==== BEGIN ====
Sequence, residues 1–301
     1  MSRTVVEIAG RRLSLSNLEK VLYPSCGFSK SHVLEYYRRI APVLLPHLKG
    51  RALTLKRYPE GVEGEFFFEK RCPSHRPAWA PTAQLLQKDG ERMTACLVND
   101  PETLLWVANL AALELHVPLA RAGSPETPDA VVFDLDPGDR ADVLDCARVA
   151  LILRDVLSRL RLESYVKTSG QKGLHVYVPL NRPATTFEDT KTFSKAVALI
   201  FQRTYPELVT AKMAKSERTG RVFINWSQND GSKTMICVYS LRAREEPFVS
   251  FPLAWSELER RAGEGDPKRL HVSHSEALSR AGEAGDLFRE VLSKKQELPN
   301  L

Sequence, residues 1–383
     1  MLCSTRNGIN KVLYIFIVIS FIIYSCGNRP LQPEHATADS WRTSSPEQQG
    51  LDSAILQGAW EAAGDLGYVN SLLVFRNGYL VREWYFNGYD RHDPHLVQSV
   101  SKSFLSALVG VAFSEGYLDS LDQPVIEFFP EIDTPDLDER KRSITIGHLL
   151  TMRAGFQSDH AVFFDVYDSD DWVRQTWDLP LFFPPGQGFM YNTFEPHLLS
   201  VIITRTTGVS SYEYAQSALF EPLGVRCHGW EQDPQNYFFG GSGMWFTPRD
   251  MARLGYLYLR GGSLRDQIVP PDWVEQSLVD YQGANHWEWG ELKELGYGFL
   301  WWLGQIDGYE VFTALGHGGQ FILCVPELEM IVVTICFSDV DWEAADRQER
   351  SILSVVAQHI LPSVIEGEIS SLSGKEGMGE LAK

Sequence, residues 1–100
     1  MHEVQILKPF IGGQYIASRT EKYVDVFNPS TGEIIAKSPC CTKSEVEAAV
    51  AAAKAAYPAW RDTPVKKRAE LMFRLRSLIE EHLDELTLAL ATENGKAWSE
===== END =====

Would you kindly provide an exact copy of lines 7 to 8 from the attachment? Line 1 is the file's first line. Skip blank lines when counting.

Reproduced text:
   251  FPLAWSELER RAGEGDPKRL HVSHSEALSR AGEAGDLFRE VLSKKQELPN
   301  L